Fight for instant runoff voting continues

IRV would eliminate Memphis run-off elections

MEMPHIS, Tenn. (WMC) - Two Memphis City Council races are headed for a runoff next month.

District One which covers Raleigh out toward Wolfchase pits incumbent Sherman Greer against challenger Rhonda Logan.

Neither got the 50-percent plus one vote needed to win a single district race.

Plus, a crowded field in District 7 representing Downtown, North Memphis and Frayser splintered the vote.

Incumbent Berlin Boyd will face off against Michalyn C.S. Easter-Thomas.

More than 95,000 people voted in this past municipal election and in another six weeks voters in those two districts will be doing it again.

“You’re making us take off work twice. They’re making us rearrange our medical appointments twice. They’re making us find reliable childcare twice,” said Carlos Ochoa with “Save Instant Runoff Voting”.

Last November, nearly 63-percent of Memphians reaffirmed their support for instant runoff voting, which was first approved in 2008, although it has never been implemented.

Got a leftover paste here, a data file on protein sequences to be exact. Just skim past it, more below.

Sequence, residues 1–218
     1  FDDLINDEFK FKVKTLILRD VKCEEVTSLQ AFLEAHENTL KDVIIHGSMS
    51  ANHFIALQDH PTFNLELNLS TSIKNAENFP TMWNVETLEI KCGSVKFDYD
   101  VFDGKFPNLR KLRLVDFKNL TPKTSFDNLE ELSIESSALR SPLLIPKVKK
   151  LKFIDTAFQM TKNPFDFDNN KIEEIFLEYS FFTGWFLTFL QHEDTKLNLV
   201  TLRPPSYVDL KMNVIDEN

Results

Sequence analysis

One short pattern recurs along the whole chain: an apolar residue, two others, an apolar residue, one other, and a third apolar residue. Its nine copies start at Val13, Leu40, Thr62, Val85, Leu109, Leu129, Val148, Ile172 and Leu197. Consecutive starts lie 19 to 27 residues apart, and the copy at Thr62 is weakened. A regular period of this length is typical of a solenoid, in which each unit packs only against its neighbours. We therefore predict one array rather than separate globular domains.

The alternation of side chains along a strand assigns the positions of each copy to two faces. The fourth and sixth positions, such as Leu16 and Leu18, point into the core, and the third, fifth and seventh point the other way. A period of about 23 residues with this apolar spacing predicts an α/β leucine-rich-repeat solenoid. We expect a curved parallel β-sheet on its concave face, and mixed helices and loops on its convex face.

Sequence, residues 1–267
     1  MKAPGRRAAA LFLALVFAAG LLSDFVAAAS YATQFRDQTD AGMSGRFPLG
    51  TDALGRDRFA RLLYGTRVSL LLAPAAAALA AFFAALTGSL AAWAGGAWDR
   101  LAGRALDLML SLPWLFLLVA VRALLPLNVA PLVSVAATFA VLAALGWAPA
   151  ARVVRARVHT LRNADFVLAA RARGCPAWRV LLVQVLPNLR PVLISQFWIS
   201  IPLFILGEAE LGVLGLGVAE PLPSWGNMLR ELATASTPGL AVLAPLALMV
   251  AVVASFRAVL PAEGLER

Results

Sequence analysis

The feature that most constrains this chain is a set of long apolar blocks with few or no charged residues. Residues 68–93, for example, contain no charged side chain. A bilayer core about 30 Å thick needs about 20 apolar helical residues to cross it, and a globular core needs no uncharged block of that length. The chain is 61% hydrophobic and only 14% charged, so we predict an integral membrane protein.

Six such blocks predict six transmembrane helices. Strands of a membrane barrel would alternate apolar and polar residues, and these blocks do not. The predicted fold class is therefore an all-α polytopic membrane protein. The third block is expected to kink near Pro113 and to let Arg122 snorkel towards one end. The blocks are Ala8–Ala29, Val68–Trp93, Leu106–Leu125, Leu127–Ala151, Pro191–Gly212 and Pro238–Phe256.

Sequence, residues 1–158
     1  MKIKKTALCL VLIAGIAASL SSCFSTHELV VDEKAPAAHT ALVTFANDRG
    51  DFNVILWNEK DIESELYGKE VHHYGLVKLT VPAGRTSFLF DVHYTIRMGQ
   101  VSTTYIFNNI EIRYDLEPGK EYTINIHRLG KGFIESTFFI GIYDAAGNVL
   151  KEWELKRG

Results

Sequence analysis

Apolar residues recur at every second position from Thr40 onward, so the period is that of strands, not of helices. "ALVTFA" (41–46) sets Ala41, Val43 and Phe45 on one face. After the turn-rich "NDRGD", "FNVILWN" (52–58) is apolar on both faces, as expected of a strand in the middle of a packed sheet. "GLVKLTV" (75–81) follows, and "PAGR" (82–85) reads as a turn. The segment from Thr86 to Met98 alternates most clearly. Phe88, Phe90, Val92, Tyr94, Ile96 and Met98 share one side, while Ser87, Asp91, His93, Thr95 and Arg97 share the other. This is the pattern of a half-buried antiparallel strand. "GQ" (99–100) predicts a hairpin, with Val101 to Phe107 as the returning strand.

Ruling blocks Instant Runoff Voting for October elections

Ochoa says Instant Run-off Voting would have saved voters an extra trip to the polls.

For instance, in the District 1 race, where no one got more than 50-percent of the vote, forcing a runoff. Let’s say if your number one choice didn’t make the top 2 -- your number 2 choice would become your number 1 choice, keeping you from having to return to the polls.

IRV would also save the city some cash.

A Shelby County Election Commission spokesperson says the November runoff election will cost them upwards of $225,000.

“And so this isn't to discourage anyone, but it kind of demonstrates how flawed our current election system is,” said Ochoa.

Earlier this year Tennessee Elections Coordinator Mark Goins ruled that IRV can’t be legally implemented under state law and questions remains whether it complies with the Memphis City charter.

“But the fact is that ranked choice voting is implemented in 12 cities across the United States,” said Ochoa.

Ochoa says they’re gearing up for a fight. There will be an administrative hearing in December with Goins to decide if ranked voting can be implemented in Memphis. However, if Goins rules against IRV, Ochoa says they will continue the fight in chancery court.

The runoff election is Nov. 14.

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